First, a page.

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Increasing the Confidence of Predictive Uncertainty: Earth Observations and Deep Learning for Poverty Estimation
Linköping University. Chalmers Univ Technol, Sweden. (The AI and Global Development Lab)
Linköping University, Department of Management and Engineering, The Institute for Analytical Sociology, IAS. Linköping University, Faculty of Arts and Sciences. Chalmers Univ Technol, Sweden; Stanford Univ, CA 94305 USA. (The AI and Global Development Lab)
2024 (English)In: IEEE Transactions on Geoscience and Remote Sensing, ISSN 0196-2892, E-ISSN 1558-0644, Vol. 62, article id 4704613Article in journal (Refereed) Published
Abstract [en]

Reducing global poverty, particularly in low- and middle-income countries, is a critical objective of the sustainable development goals (SDGs). To track progress toward these goals, high-frequency, granular geo-temporal data that capture changes at the neighborhood level is essential for researchers and policymakers. Recent advancements in methodology have combined machine learning (ML) and Earth observations (EOs) for poverty estimation, thereby addressing significant data gaps. However, a notable limitation of these EO-ML methods is their frequent deployment without a robust mechanism to quantify predictive uncertainty. Understanding this uncertainty is crucial for making informed decisions, effectively managing risks, and instilling confidence in users and stakeholders regarding the model's predictions. Although deep learning (DL) offers methods to quantify predictive uncertainties, their reliability is often constrained, failing to accurately reflect the underlying variations in predictions. Our proposed method aims to enhance confidence in predictive uncertainty without sacrificing accuracy. It begins by integrating an external model to explicitly capture data variability. Subsequently, we employ two orthogonal metrics-accuracy and uncertainty-to evaluate the influence of training data, especially in scenarios involving satellite imagery (e.g., selecting a subset of source domain countries for prediction in the target country). By applying these metrics, we formulate criteria to assess the importance of choosing specific countries from the source domain as training data. Our analysis highlights the effectiveness of this methodology in situations where the target country offers high-dimensional data, like satellite images, but faces a shortage of adequate training samples for DL models.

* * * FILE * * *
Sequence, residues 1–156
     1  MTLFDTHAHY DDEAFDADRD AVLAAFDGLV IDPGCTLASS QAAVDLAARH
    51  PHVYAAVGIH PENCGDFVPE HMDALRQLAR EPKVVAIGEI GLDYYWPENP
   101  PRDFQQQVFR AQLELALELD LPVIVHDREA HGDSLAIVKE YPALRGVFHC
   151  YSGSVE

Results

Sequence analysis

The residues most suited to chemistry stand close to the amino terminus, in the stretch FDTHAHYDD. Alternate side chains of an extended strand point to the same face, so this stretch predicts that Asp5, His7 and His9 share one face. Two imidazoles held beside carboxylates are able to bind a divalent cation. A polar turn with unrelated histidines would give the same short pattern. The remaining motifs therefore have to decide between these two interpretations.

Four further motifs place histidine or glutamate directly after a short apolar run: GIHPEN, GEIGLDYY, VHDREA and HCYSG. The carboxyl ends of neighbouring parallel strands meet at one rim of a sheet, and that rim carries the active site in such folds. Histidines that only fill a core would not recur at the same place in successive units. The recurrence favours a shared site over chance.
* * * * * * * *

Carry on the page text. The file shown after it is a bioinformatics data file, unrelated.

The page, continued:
Place, publisher, year, edition, pages
IEEE-INST ELECTRICAL ELECTRONICS ENGINEERS INC , 2024. Vol. 62, article id 4704613
Keywords [en]
Uncertainty; Data models; Indexes; Estimation; Predictive models; Deep learning; Earth; Deep learning(DL); Landsat; nighttime light (NL); poverty estimation; prediction uncertainty
National Category
Physical Geography
Identifiers
URN: urn:nbn:se:liu:diva-204381DOI: 10.1109/TGRS.2024.3392605ISI: 001236662700003OAI: oai:DiVA.org:liu-204381DiVA, id: diva2:1868965
Note

Funding Agencies|Swedish Research Council through The AI and Global Development Laboratory

Available from: 2024-06-12 Created: 2024-06-12 Last updated: 2024-06-12

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Linköping UniversityThe Institute for Analytical Sociology, IASFaculty of Arts and Sciences
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